East London Group

Archibald Hattemore: 09/06/1890 to 12/07/1949

Archibald was born in Bethnal Green, one of four sons for Frederick and Rebecca Hattemore. Little is known of Arch’s childhood but in the census in 1911 he is described as a tea dealer whilst his father and brothers are described as wood carvers. At some point thereafter it appears as if his father and brother Sidney set up a shoe repair business in Wick Road in Bethnal Green and when Arch enlisted in April 1915 he described himself as a boot repair man. He joined 172 Brigade of the Royal Field Artillery, also known as the West Ham Brigade. Arch served on the Western Front with his Brigade continually from November 1915 until September 1918 when got home leave but he returned to active service thereafter and was demobilised in June 1919. In 1918 Arch’s background caught up with him when he was appointed Brigade shoe maker!

In 1920 Arch married Ada Luscombe and in due course they had three daughters. Arch found work as a navvy for the Metropolitan Water Board and his long-standing interest in painting and drawing brought him to the Bethnal Green Men’s Institute art classes under the tutelage of John Cooper who encouraged him to enter a piece called “Interior” for the New English Art Club exhibition in 1926 where it was bought by Sir Joseph Duveen. At the East London Art Club exhibition at the Whitechapel in 1928 Arch contributed a very impressive 14 pictures out of the total of 184: his most impressive piece being “The Dead Flamingo” which was one of two of his paintings to be shown at the small Group exhibition at the National Gallery, Millbank in early 1929 where it was subsequently acquired for the national collection and it resides at the Astley Cheetham gallery in Tameside along with Arch’s “Interior”.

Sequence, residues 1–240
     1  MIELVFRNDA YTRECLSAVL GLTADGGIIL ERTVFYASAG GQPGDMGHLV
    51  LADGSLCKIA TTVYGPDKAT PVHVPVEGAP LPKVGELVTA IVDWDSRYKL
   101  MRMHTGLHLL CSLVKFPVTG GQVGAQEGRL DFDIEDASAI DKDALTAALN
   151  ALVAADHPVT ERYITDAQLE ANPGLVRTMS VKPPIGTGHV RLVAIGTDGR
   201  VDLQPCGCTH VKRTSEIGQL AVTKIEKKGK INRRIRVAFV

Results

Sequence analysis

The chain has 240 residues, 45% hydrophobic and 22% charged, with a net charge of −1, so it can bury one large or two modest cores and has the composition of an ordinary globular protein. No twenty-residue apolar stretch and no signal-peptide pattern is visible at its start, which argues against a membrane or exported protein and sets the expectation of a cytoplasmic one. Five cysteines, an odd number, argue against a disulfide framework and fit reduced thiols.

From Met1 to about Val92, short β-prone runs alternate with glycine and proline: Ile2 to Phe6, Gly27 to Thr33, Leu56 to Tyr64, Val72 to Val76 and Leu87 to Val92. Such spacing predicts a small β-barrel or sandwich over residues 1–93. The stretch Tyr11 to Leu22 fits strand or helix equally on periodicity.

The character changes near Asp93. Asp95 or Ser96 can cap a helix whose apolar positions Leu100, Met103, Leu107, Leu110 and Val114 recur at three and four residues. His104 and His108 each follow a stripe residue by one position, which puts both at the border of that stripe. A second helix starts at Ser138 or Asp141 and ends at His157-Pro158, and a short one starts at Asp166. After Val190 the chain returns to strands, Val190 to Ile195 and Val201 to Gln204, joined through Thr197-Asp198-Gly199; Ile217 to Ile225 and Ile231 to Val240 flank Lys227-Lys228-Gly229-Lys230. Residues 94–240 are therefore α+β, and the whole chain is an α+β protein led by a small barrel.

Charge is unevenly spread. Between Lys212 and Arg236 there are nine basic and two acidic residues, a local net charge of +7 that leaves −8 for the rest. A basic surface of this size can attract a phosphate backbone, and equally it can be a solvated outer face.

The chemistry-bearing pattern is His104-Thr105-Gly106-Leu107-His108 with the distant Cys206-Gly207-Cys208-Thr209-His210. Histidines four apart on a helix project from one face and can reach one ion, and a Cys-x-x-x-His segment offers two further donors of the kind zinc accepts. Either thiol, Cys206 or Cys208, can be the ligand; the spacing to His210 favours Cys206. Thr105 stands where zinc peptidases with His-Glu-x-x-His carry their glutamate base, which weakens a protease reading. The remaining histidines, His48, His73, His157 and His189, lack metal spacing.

Arch exhibited at the first four East London Group exhibitions at Alex. Reid and Lefevre from 1929 to 1932. A change in employment as a flooring estimator for fellow Group member and Chairman, Murroe Fitzgerald’s Acme Flooring Company meant that the time that Arch could dedicate to his painting dwindled to nought as he was often working late into the evenings and week-ends. In later life he was to regret the fact that he hadn’t continued to exhibit, despite the fact that he did return to painting.

Driver Hattemore. London Artillery Regiment

"Driver" Hattemore during WW1 whilst he was serving with172 Brigade of the Royal Field Artillery, also known as the West Ham Brigade

Archibald (r) and Sidney Hattemore, 1914

Archibal Hattemore (right) with his brother Sidney outside the family's cobbler's shop in Wick Road, Bethnal Green just before WW1